Worries about France’s economic and political problems are continuing following Friday’s high-profile downgrade of its credit rating by Standard & Poor’s.
“France is probably the most retarded country in Europe in considering the fact that its social model is broken,” David Roche, President & Global Strategist, Independent Strategy, told CNBC Monday.
“Unless they plan a new relationship between the people and the government then France is probably the most dangerous country [in Europe].”
A crisis in the euro zone’s second-largest economy, which is expected to hit a debt-to-gross domestic product ratio of 90 percent this year and is heavily exposed to troubled Italian banks, would be more critical than in the peripheral states.
On Friday, Standard & Poor’s downgraded the credit ratings of France, Italy and seven other European countries,renewing concerns about the impact of the euro zone debt crisis on France.
The CAC 40, slid Monday morning following the downgrade.
There is also political uncertainty in France, with right wing President Nicolas Sarkozy facing an election later this year. His main contender, Socialist Francois Hollande, promised on Sunday to reduce the "dominance of finance" if elected.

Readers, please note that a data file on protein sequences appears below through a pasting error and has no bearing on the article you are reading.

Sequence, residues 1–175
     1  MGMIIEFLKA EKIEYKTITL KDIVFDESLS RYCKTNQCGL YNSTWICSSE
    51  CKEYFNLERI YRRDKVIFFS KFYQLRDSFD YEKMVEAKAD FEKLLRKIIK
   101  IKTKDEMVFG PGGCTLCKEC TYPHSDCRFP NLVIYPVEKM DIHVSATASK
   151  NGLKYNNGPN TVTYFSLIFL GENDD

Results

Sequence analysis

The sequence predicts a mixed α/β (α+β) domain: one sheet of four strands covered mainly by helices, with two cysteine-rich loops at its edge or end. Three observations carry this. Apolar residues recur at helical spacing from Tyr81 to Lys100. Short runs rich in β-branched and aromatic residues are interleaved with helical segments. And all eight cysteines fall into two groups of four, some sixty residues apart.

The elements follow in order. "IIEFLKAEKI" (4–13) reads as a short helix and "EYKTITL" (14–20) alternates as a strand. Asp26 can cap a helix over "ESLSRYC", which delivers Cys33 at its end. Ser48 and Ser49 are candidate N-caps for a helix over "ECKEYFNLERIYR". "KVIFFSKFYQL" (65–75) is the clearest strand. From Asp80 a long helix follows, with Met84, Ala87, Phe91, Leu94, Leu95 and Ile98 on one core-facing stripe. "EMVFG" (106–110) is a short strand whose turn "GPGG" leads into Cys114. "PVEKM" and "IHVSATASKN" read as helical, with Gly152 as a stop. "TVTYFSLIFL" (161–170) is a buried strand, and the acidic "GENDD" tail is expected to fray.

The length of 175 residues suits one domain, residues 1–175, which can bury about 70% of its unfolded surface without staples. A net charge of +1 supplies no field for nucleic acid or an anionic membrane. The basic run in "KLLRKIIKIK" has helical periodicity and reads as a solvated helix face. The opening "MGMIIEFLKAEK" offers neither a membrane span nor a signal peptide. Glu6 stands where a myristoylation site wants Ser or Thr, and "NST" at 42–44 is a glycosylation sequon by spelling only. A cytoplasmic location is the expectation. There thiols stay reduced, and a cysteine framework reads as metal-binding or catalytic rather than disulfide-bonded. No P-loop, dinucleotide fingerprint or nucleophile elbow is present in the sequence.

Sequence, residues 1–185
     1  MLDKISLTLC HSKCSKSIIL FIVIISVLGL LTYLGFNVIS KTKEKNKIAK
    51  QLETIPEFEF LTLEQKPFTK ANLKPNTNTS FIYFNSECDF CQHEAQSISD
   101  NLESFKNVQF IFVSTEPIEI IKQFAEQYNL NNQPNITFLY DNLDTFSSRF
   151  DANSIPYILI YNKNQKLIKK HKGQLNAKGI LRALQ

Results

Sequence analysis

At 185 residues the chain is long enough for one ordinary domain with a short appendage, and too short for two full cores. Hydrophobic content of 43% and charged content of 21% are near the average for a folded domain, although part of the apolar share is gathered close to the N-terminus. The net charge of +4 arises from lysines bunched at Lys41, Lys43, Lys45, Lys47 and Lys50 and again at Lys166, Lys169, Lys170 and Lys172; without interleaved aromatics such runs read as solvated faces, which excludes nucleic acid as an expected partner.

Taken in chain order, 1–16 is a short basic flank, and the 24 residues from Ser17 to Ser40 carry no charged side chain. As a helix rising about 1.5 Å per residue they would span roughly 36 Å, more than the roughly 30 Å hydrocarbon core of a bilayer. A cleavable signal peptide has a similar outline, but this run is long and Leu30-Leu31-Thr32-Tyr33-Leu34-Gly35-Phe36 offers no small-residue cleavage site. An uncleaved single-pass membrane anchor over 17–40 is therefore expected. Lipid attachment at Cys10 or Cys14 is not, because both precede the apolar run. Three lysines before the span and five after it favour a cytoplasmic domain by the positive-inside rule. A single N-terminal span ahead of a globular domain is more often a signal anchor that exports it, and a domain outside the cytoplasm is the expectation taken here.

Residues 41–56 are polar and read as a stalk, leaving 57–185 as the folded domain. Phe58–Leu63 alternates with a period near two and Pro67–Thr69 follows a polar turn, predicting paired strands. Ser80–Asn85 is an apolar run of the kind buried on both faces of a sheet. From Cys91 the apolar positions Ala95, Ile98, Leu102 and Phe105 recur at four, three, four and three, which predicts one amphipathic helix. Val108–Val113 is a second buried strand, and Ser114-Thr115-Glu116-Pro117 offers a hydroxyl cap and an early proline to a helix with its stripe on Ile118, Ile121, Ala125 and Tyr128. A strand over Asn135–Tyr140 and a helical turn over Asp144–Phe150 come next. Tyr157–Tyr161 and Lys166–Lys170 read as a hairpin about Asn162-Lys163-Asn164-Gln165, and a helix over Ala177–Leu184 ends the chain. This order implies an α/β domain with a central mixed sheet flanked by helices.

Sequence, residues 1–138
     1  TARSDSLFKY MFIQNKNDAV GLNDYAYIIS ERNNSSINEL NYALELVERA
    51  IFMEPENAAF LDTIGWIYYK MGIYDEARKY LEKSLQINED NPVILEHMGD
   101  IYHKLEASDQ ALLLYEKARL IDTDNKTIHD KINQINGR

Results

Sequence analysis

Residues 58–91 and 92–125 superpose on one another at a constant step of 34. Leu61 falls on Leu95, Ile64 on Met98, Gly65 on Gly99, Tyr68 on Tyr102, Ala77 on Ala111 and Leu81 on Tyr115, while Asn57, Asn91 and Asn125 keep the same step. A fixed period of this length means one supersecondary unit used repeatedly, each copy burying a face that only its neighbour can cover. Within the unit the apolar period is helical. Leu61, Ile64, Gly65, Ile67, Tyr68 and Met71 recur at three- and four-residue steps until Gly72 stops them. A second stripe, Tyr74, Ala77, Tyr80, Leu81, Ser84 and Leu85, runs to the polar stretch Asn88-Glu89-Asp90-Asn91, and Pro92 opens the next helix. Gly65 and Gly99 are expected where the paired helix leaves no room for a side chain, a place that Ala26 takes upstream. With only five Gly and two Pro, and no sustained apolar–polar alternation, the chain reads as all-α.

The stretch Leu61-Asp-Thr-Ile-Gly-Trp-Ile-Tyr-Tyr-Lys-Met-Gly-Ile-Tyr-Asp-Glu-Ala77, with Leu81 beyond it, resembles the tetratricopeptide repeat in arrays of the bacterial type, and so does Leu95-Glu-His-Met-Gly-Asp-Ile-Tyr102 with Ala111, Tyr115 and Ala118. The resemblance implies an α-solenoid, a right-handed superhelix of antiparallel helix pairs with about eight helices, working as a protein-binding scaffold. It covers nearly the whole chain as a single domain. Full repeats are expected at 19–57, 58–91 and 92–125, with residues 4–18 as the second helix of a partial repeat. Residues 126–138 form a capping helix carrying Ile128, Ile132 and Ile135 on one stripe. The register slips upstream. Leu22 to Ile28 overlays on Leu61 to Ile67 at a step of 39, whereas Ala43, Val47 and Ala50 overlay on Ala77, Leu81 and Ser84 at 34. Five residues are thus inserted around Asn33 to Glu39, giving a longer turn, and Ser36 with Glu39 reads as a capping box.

Meanwhile, Sarkozy is trying to push through measures that will reduce the social welfare bill companies have to pay for their employees. He hopes to use an increased sales tax to help fund the country’s welfare bill.
Moritz Kraemer, S&P's managing director of European sovereign ratings, defended the ratings agency's decision and warned of the danger of another downgrade of France in an interview with CNBC.
“Sitting with relatively high budget deficit and debt stock, France is much more vulnerable to a downturn than, for example, Germany,” he said.
“If another French downgrade were to be happen, and that is not a foregone conclusion at all, it would most likely be triggered by further erosion of the fiscal consolidation strategy and…the downside scenario of a euro zone recession.”
Andrew Sentance, a former member of the Bank of England’s Monetary Policy Committee and Senior Economic Adviser to PwC, told CNBC that markets will adjust quickly to Friday’s downgrades, but that “fundamental issues” with the euro zone will continue to cause problems.